Etymology
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Scot (n.)
Old English Scottas (plural) "inhabitants of Ireland, Irishmen," from Late Latin Scotti (c. 400), of uncertain origin, perhaps from Celtic (but answering to no known tribal name; Irish Scots appears to be a Latin borrowing). The name followed the Irish tribe which invaded Scotland 6c. C.E. after the Romans withdrew from Britain, and after the time of Alfred the Great the Old English word described only the Irish who had settled in the northwest of Britain.
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sulfuric (adj.)
"of, pertaining to, or obtained from sulfur," also sulphuric, 1790, from French sulfurique; see sulfur + -ic. The spelling with -ph- is standard in Britain.
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ley (n.)
"line of a prehistoric track; alignment of natural and artificial features," 1922 [Alfred Watkins], apparently a variant of lea. Popular topic in Britain in 1920s-30s and again 1960s-70s.
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trucial (adj.)
1876, from truce + -ial. Trucial States, the pre-1971 name of the United Arab Emirates, is attested from 1891, in reference to the 1835 maritime truce between Britain and the Arab sheiks of Oman.
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non-intercourse (n.)

"a refraining from intercourse," in any sense, 1809, from non- + intercourse.

Non-Intercourse Act, an act of the United States Congress of 1809 passed in retaliation for claims made by France and Great Britain affecting the commerce of the United States, and particularly the personal rights of United States seamen, continued 1809 and 1810, and against Great Britain 1811. It prohibited the entry of merchant vessels belonging to those countries into the ports of the United States, and the importation of goods grown or manufactured in those countries. [Century Dictionary]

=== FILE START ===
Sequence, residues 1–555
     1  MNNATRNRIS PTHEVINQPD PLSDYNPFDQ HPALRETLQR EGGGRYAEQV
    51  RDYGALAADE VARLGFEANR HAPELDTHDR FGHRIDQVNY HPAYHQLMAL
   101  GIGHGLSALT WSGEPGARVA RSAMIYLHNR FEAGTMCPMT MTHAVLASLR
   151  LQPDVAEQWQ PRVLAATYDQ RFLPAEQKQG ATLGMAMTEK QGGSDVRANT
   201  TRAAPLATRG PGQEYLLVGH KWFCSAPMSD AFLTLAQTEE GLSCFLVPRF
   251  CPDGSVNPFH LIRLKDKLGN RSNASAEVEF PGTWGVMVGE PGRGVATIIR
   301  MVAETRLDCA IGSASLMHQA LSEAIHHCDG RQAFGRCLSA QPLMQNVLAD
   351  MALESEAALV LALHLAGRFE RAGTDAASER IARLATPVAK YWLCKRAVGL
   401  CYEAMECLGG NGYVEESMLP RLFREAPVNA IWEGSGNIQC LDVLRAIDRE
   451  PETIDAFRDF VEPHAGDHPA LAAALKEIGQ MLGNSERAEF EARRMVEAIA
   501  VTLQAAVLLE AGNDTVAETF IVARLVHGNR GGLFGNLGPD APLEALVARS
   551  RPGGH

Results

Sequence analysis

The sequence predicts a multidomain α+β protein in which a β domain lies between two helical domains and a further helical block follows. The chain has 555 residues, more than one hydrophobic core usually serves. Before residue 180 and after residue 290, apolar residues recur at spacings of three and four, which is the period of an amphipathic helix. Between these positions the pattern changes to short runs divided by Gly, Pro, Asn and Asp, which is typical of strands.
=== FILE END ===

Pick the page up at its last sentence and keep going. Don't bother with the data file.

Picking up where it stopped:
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prime minister 

"leading minister of a government, the chief of the cabinet or ministry," 1640s, see prime (adj.) and minister (n.). Applied to the First Minister of State of Great Britain since 1694.

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D.A.R. 

initialism for Daughters of the American Revolution, a non-profit patriotic service organization founded in 1890 for women directly descended from someone involved in the war of independence by the American colonies of Great Britain.

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Anglo (n.)
"American, English-speaking white person," 1941, southwestern U.S., from Anglo-American. Anglo was used similarly of native, English-speakers in Canada from 1800 and Britain from 1964.
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checkers (n.)
U.S. name for the game known in Britain as draughts, 1712, from plural of checker (n.1). So called for the board on which the game is played.
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buzzer (n.)
c. 1600, "buzzing insect," agent noun from buzz (v.). Used 1870s in Britain of steam-powered whistles used to call or dismiss factory workers. In reference to electricity-powered mechanical devices that buzz, from 1882.
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